from The American Heritage® Dictionary of the English Language, 5th Edition.

  • adjective Being in a beginning or early stage; incipient.
  • adjective Imperfectly formed or developed; disordered or incoherent.

from The Century Dictionary.

  • To begin.
  • Recently or just begun; incipient; in a state of incipiency; hence, elementary; rudimentary; not completely formed or established: as, inchoate rights.

from the GNU version of the Collaborative International Dictionary of English.

  • transitive verb obsolete To begin.
  • adjective Recently, or just, begun; beginning; partially but not fully in existence or operation; existing in its elements; incomplete.

from Wiktionary, Creative Commons Attribution/Share-Alike License.

  • adjective Recently started but not fully formed yet; just begun; only elementary or immature.
  • adjective Chaotic, disordered, confused; also, incoherent, rambling.
  • noun rare A beginning, an immature start.
  • verb To begin or start something.
  • verb To cause or bring about.
  • verb To make a start.

from WordNet 3.0 Copyright 2006 by Princeton University. All rights reserved.

  • adjective only partly in existence; imperfectly formed


from The American Heritage® Dictionary of the English Language, 4th Edition

[Latin inchoātus, past participle of inchoāre, to begin, alteration of incohāre : in-, in; see in– + cohum, strap from yoke to harness.]

from Wiktionary, Creative Commons Attribution/Share-Alike License

From Latin incohātus ("begun, unfinished"), perfect passive participle of incohō ("begin").


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  • So much potential, so little clarity.

    December 6, 2006

  • Pronouncing this word terrifies me.

    April 13, 2007

  • "in-koh-it"

    April 13, 2007

  • I say in-ko-ate. It's a funny word to me because I went to Choate, which is pronounced pretty much the way it's spelled (chote).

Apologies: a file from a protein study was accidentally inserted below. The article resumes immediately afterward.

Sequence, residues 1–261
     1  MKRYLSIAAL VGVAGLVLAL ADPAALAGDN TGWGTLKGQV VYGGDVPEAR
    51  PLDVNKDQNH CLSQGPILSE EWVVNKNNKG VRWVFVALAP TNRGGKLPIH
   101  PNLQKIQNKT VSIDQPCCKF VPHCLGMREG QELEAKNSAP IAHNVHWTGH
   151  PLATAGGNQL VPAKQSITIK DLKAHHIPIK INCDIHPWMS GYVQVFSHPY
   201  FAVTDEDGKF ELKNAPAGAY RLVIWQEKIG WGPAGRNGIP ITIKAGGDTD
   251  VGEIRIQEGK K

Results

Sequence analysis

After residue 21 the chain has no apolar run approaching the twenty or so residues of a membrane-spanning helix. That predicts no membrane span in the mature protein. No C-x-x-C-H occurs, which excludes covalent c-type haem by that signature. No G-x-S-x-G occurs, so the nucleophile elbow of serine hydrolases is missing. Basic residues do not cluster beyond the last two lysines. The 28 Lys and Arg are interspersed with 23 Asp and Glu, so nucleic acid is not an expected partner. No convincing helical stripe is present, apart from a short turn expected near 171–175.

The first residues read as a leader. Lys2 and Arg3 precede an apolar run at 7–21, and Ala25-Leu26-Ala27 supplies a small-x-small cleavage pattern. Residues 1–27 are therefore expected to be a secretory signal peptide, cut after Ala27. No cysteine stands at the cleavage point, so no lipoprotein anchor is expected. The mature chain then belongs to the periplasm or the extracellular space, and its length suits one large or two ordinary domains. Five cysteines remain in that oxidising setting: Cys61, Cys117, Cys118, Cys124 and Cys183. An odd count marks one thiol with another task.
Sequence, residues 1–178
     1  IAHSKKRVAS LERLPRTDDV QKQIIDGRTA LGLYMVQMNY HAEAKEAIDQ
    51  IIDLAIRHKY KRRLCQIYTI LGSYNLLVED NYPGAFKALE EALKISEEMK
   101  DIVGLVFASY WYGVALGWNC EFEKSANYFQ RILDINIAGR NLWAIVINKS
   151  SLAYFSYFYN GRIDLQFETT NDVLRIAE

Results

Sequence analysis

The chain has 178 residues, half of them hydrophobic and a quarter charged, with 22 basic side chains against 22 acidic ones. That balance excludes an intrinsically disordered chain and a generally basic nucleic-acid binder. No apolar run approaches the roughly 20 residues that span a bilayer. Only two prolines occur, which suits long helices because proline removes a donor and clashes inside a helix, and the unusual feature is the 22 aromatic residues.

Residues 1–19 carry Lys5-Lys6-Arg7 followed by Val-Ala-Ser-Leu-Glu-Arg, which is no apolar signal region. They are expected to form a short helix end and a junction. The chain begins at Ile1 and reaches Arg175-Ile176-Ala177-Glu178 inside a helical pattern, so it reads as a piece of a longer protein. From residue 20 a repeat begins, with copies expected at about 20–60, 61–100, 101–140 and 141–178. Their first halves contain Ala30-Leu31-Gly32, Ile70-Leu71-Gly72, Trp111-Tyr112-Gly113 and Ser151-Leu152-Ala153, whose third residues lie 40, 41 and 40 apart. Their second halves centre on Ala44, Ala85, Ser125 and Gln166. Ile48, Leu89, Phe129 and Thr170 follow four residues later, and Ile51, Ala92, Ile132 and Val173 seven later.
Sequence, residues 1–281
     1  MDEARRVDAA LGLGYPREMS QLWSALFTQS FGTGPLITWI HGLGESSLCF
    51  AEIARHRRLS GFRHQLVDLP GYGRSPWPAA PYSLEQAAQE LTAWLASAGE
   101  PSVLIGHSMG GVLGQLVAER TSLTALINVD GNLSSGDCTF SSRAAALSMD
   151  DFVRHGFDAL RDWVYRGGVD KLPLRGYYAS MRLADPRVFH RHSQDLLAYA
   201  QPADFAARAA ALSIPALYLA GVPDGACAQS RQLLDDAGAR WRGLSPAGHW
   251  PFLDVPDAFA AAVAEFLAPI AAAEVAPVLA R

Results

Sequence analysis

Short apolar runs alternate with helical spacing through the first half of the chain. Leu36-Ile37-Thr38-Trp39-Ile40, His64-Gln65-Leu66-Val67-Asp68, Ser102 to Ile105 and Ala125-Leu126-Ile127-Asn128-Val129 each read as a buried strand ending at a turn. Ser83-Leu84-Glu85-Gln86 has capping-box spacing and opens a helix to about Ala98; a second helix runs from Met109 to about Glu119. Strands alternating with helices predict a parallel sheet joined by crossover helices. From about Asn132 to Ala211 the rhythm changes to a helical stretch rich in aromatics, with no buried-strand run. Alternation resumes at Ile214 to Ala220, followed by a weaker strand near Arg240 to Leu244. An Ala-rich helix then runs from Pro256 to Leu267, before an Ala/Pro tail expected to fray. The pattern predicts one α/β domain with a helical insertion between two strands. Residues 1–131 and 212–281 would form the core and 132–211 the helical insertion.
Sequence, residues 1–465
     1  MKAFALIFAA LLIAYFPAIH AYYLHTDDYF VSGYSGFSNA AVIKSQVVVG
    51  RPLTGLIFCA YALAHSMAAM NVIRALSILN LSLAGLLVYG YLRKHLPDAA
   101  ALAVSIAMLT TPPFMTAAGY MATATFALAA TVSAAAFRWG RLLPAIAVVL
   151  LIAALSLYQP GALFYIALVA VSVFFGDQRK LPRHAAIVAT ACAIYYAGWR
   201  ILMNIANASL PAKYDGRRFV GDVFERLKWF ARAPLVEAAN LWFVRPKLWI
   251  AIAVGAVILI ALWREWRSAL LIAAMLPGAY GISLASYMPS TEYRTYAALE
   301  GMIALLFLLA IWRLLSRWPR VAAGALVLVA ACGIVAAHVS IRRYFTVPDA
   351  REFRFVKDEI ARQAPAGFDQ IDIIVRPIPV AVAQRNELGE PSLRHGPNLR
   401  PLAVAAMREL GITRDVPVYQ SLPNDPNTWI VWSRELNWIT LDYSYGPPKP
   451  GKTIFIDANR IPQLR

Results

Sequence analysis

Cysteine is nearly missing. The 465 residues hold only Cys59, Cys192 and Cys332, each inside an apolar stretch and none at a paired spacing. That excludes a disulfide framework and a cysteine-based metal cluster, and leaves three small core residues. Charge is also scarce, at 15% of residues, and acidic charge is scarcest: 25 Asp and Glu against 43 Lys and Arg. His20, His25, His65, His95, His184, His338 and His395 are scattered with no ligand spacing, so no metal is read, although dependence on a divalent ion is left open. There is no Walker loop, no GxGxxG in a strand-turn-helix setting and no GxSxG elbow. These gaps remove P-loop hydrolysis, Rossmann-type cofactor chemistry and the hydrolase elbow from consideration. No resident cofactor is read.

May 21, 2007

  • I say "in-ko-ate" too. Arby, I always want to pronounce "Choate" as "ko-ate." Go figure.

    November 8, 2007

  • I know it's wrong, but it always looks like IN-cho-ate to my eye. Why didn't the queen consult me when she fashyned her English? Hmph!

    November 8, 2007

  • I first encountered this word in a review of the Neil Young album 'Landing On Water'. Overall it was not complimentary.

    March 10, 2009

  • I had a professor call one of my papers 'inchoate' once. Fortunately it was only a conference over a draft.

    October 4, 2009

  • Good article in the Times magazine today on this word:

    January 5, 2010

  • pronounced KOH-it or KOH-ate


    1. In an initial or early stage; incipient.

    2. Imperfectly formed or developed: a vague, inchoate idea.

    March 14, 2011

  • there alone near the back. I could see several loose sheets of dark, shiny paper scattered over the table in front of her. She herself was leaning over in concentration, forehead very low, arms up on the surface, scrawling furious lines over a page with a pencil. Underneath the heavy black lines I could see neat blue handwriting. As I watched, she went on scrubbing the pencil point over

    September 23, 2011

  • the paper, almost in the way we did shading in Art, except her movements were much more angry, as if she didn't mind gouging right through the sheet. Then I realised, in the same instant, that this was the source of the odd noise, and that what I'd taken for dark shiny paper on the table had also, not long before, been pages of neat handwriting.